Act Early Network News, Fall Issue 2015

December 3, 2015

 


Fall, Issue #8

News from Act Early Network Partners 

AUCD's 2015 Annual Report Release!

In the recently released Association of University Centers on Disabilities 2015 annual report, AUCD highlights six people who exemplify what it means to be an AUCD member. Their stories of leadership, scholarship, teaching, research, family, and personal achievement are but a small sampling of the activities that happen at AUCD member centers and programs across the country every day. To read their inspirational stories, please click here.

JoAnn Yuen, the Director of the Center on Disability Studies at the University of Hawaii who has been a member of the AUCD network since 1999 and a Learn the Signs. Act Early Ambassador since 2010 is featured in the annual report. JoAnn is a pioneer of the Act Early initiative, and has been a part of the evolution of the program into the state-level Act Early Ambassador model that aims to increase developmental screening and the identification of developmental disabilities and Autism. Act Early Ambassadors identify early detection needs in their state, and JoAnn became the change agent in her state who cultivated a relationship with Hui Kupaa to utilize the Collective Impact Model to develop a state-wide system of developmental screening in Hawaii. Please continue reading about JoAnn's accomplishments here.

 

 

Promising Practices for Learn the Signs. Act Early.

Promising PracticeThe Learn the Signs. Act Early. Promising Practices is a collection of locally inspired models and ideas that have been implemented and evaluated to varying degrees in programs and communities. A promising practice helps spread the reach of the LTSAE campaign and has the potential to positively impact families with young children and the organizations, health care professionals, and early care and education providers who serve them. Many of the activities in this collection represent the work of Act Early Ambassadors and State Systems grantees who found creative and effective solutions for implementing Learn the Signs. Act Early. with greatest potential impact using very modest resources.

How can you adopt and adapt Promising Practices activities in your local programs and communities to promote awareness of the importance of tracking developmental milestones and acting early on concerns? Please click here to view Promising Practices strategies by the target audience they reach. Which target audience can you help reach and deliver a Promising Practice activity to?

 

The CDC Welcomes New Health Communication Fellow to Support Act Early Initiatives

Please join the Learn the Signs. Act Early Team in warmly welcoming new ORISE Health Communication fellow, Ms. Karnesha Slaughter, MPH, to the Division of Birth Defects and Developmental Disabilities, Prevention Research Branch. Karnesha was born and raised in the Metro Atlanta area. She received her Master of Public Health degree from Tulane University's School of Public Health & Tropical Medicine (2012) and her Bachelor of Science degree in Biobehavioral Health from The Pennsylvania State University (2011). She has expertise in developing and implementing evidence-based programs in the areas of youth development, child injury prevention, and health education. For the past two and a half years she has worked at the Clayton County Board of Health in a variety of roles from Injury Prevention Coordinator to Community Wellness Manager. In her free time she enjoys learning random facts, reading books, listening to music, and finding new places to brunch around Atlanta. Karnesha will be providing additional support to the Act Early Ambassador Program and other Act Early Network Activities.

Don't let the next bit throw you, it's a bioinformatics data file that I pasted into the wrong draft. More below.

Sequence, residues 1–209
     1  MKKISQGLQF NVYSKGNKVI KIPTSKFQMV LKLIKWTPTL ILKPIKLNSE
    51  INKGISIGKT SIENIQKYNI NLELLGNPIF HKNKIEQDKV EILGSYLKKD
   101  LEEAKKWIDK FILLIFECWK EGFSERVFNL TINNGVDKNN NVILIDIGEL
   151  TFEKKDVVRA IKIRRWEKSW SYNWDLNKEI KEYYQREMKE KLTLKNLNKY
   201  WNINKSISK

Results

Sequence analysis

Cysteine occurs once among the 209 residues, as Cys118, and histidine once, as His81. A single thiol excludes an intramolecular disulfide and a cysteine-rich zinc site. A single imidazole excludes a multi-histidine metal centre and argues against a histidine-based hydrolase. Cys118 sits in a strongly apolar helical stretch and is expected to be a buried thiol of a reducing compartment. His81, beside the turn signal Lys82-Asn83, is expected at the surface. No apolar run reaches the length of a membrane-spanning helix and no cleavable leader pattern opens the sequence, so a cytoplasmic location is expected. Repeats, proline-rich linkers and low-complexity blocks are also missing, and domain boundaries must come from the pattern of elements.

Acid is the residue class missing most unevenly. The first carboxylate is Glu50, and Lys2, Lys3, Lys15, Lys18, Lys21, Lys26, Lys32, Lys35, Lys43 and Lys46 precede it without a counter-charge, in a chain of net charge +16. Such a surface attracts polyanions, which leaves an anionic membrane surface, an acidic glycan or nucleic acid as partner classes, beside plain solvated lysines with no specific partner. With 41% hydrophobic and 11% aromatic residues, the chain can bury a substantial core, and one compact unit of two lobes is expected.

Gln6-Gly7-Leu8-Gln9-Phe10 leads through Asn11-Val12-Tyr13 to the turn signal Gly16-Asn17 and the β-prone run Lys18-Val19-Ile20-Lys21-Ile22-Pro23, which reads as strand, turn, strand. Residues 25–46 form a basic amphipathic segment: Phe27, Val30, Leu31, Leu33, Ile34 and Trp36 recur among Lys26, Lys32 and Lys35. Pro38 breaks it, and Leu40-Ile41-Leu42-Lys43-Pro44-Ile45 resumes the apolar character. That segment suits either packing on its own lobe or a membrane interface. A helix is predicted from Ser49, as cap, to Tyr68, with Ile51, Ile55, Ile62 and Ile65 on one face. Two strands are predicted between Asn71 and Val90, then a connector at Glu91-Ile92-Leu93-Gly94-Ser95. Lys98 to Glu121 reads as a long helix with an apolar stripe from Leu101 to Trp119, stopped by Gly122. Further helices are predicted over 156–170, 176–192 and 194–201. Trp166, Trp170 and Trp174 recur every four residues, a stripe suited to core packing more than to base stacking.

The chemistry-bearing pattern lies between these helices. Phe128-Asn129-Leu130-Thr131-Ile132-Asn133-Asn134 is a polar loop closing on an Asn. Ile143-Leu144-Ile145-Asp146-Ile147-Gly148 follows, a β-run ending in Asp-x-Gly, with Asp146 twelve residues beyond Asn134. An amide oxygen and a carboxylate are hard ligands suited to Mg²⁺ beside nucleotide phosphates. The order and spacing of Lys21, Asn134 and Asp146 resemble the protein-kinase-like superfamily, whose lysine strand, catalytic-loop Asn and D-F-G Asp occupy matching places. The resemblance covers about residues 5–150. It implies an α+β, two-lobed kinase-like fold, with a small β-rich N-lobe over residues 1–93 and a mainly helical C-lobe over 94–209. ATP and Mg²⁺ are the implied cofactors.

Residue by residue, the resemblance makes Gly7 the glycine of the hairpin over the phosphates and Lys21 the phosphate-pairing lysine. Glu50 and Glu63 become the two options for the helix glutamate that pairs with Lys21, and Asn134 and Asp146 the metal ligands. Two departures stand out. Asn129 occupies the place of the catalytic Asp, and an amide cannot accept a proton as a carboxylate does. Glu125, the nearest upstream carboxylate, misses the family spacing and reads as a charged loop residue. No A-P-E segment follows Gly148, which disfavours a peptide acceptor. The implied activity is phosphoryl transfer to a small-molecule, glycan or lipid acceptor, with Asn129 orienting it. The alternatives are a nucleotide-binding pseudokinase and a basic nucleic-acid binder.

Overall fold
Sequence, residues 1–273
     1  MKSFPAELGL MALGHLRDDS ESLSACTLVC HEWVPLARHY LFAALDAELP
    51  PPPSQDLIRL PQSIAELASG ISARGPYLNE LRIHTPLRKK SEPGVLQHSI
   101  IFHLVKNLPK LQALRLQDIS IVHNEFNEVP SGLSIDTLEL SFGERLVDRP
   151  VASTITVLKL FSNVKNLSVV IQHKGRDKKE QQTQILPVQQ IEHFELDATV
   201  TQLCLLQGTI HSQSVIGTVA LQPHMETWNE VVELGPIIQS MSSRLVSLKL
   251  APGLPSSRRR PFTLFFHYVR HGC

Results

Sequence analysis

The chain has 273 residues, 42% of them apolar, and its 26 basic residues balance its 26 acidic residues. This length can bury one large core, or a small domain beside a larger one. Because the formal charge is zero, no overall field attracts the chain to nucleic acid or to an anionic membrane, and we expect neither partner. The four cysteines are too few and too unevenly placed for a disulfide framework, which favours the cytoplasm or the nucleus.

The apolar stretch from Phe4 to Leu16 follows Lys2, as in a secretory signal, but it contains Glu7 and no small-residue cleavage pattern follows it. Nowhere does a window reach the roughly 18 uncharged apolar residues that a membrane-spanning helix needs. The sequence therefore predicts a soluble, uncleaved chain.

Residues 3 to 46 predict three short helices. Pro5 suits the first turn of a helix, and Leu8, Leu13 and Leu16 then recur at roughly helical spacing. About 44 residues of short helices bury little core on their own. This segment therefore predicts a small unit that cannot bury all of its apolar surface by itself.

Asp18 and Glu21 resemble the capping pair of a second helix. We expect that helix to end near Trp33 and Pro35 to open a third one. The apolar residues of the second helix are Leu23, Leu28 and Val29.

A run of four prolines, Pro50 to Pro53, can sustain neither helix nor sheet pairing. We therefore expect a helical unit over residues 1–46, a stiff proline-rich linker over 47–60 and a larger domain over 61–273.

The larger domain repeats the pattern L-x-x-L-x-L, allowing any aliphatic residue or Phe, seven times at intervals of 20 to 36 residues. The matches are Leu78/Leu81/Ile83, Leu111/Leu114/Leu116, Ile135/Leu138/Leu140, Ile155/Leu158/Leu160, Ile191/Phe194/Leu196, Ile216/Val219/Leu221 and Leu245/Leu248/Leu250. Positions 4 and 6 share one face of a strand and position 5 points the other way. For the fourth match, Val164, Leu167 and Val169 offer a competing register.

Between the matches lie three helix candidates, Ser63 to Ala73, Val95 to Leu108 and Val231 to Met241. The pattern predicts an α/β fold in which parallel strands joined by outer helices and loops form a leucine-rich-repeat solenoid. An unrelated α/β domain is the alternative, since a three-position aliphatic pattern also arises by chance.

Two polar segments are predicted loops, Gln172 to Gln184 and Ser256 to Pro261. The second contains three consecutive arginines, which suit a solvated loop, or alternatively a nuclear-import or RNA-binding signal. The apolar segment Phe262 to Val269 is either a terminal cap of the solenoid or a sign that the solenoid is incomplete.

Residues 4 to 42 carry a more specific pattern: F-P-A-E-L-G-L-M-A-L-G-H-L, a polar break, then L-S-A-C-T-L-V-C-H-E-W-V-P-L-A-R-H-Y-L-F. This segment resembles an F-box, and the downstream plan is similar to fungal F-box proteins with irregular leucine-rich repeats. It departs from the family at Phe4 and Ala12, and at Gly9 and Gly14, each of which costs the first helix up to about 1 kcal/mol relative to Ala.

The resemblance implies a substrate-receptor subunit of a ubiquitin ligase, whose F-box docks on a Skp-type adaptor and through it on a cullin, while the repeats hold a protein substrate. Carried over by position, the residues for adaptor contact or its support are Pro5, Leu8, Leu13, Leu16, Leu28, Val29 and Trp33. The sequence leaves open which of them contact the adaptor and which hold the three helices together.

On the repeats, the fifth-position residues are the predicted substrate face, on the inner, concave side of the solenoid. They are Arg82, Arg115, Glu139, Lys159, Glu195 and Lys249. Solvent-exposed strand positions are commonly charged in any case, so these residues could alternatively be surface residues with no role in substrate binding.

Learn the Signs. Act Early. Watch Me! Training Wins Award of Excellence- Phoenix Award

At the 2015 Public Relations Society of America Phoenix Awards, Porter Novelli won an Award of Excellence in the websites-external category for the Learn the Signs. Act Early. Watch Me! Celebrating Milestones and Sharing Concerns website. Of the many submissions, Porter Novellli was one of two to win a Phoenix Award in this category. Children's Healthcare of Atlanta won the other Phoenix Award for their 100-Year Legacy Website.


 

Act Early Forum Fall Webinar: Be A Part of Learn the Signs. Act Early. with Promising Practices!

Join the Act Early Network on Monday, December 14 at 2p-3pm ET for the Fall Act Early Forum Webinar to find out what works in helping communities to learn the signs of DD/ASD and act early! Learn the Signs. Act Early. Promising Practices is a collection of locally inspired models and activities aiming to improve the early identification of developmental disabilities and Autism that were implemented and evaluated to varying degrees in programs and communities. Act Early Network members can help increase the reach of the LTSAE initiative by selecting a Promising Practice activity to deliver to a target audience you have access to, such as early care and education providers, parents of newborn babies and young children, pediatric and primary care providers, and/or residency program directors.

Join us to hear from the CDC's LTSAE team, LTSAE Ambassadors, and Act Early Network members and partners who developed and implemented effective Promising Practices using very modest resources. There will be ample time for questions and discussion on the Promising Practices that interest you! Register today to learn from the Act Early change agents and to take action with Learn the Signs. Act Early! Please click here to register for the webinar.


News from the Act Early Network

California Autism and Professional Training and Information Network (CAPTAIN)